(This interview originally appeared on Healthfooddaily.com)
What did your diet used to be, and what is it now?
I made the switch to a vegetarian diet about 10 years ago. I grew up in the country where our family planted a huge vegetable garden every year, so I was never one to shy away from my veggies! That being said, I also ate a lot of meat, processed foods, refined carbohydrates and snacks. At the time I never really put very much “thought” into what I was consuming or the impacts that my choices had on other living creatures or the planet.
Currently, I would describe my diet as being “strict vegetarian with vegan tendencies”. I do not consume fish/seafood or diary milk and only small amounts of cheese, yogurt and eggs. When indulging in these animal products I choose the most ethical and local options available (organic, free-range etc). I often consume only plant-based vegan foods for days or weeks at a time. Over the years I found that this balance has worked the best for me physically, mentally and spiritually.
What made you want to change?
Sometimes big changes can happen when you least expect it. My journey to vegetarianism began in high school when I randomly picked “factory farming” as a project topic for a World Issues class. I had never heard about factory farming before nor had I ever looked at the food on my dinner plate and asked myself, “how did it get here?”. Once I began my research I was shocked and horrified how animals, beautiful living creatures, where being treated. I learned the truth and made the easy decision to abstain from eating meat and fish. I did not want to contribute to a system that made animals suffer such a harsh reality and place an equally harsh burden on our ecosystem.
How often do you train yourself for fitness, and what do you do?
I started competing in fitness competitions last summer for the want of a challenge after some knee issues prevented me from playing soccer. My training frequency and intensity is dependent on how far away my next fitness competition is. Usually I am in the gym 5-6 days a week performing a combination of cardio training and heavy weight lifting. If a competition is really close I will increase my cardio to about 45-60 minutes twice a day. During the off season I will relax to about 3-4 gym visits per week. It is important to find balance in training and what works the best for you both physically and mentally (something I am still refining). I am lucky enough to be living in a gorgeous mountain region and spend heaps of time outside snowboarding, mountain biking, hiking and camping on top of my training.
How much protein do you consume daily, and from which sources?
I eat about 100 grams of protein each day when I am training for a competition. During the off season my intake is around 70-80 grams. I get my protein from a variety of sources-protein powder mixes, quinoa, rice and beans, eggs, nuts, seeds and soy (less processed forms like edamame, tempeh, miso and tofu). Most foods have a varying degree of amino acids so in a varied diet all of these sources would add up. I think that the bodybuilding world definitely goes a little overboard with the whole “more is better” concept in regards to protein consumption.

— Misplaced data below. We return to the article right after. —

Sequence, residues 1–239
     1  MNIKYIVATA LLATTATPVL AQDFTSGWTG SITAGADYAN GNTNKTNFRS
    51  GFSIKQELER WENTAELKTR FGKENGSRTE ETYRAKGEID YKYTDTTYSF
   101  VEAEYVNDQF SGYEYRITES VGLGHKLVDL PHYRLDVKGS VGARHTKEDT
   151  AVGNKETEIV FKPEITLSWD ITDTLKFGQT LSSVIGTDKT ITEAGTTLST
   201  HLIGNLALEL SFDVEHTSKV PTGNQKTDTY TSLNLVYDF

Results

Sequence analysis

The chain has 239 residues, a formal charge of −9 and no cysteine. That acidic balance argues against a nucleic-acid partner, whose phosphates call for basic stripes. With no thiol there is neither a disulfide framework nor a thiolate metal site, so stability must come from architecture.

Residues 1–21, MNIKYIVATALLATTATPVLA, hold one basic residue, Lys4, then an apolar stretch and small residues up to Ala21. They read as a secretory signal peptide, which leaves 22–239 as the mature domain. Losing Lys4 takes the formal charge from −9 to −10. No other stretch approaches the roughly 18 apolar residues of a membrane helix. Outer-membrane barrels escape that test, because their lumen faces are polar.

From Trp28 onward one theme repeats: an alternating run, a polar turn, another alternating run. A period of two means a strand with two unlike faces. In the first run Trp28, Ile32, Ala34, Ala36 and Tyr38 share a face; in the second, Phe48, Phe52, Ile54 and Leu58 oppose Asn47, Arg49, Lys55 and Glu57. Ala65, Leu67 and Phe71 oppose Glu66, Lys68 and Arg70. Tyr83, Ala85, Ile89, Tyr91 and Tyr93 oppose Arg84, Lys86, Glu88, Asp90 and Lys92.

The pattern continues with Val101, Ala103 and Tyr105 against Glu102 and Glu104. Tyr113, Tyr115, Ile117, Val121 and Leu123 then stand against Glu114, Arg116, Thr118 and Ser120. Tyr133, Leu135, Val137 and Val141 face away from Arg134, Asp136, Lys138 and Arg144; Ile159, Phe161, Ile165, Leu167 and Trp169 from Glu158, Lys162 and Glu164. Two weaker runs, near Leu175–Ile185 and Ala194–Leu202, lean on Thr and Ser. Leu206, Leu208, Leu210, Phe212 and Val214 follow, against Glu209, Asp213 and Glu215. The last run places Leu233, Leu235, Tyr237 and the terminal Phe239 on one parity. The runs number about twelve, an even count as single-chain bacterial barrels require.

Same question for iron?
I don’t really keep track of my iron levels anymore. When I first became vegetarian I would go get blood tests done to monitor my levels and it was never an issue for me. I think I was fooled by the popular myth that all vegetarians are in adamant danger of rampant deficiencies (which is obviously not the case at all). I eat tons of leafy greens, nuts, seeds, sea weed, algae and whole grains all of which have high levels of iron.
What are your favorite foods?
Since moving to the west coast 5 years ago I have been obsessed with vegetarian sushi. I’m salivating right now just thinking about avocado rolls and gomae! I also can’t get enough kombucha, quinoa, kale, fruit, almonds, and anything to do with coconuts. I adore cooking and spend endless hours in the kitchen creating delicious veggie meals with extra helpings of love. I have mastered making my own pizza from scratch and can whip up a mean veggie pizza pie! I would be lying if I said I didn’t crave indulgence foods like dark chocolate, cookies and sweets. And over the past two years my fascination with the raw food movement has allowed me to find healthy ways to satisfy my sweet tooth. Almost every morning I make up a bowl of oatmeal with vanilla protein powder and a whole cut up lemon for a delicious sweet and sour start to my day (nom nom)!
Were there any particular websites, books or movies that helped you in the beginning when you decided to follow a plant-based diet?
There were none in particular that I remember, although I was definitely information-hungry and devoured any book or website regarding vegetarianism/veganism. I was curious to read everything I could and try almost every recipe I could get my hands on. I learned how to cook when I made my transition to becoming a vegetarian; a transition that also ignited a life-long passion for nutrition, fitness and environmental stewardship. Currently I am really into raw food and recommend Ani’s Raw Food Essentials by Ani Phyo. Brendan Brazier is an amazing individual who has authored what I believe is the best vegan book to date (The Thrive Diet). Veganbodybuilding.com has tons of information for plant based athletes as well.
Do you participate in any community related to your diet and/or fitness practices?
Since I started competing in fitness competitions about a year ago (bikini division) I would say that I am part of the bodybuilding community. I also attend vegetarian/vegan discussions, workshops and events periodically. I think that these groups are especially important in the transition phase because it is important to surround yourself with like-minded people.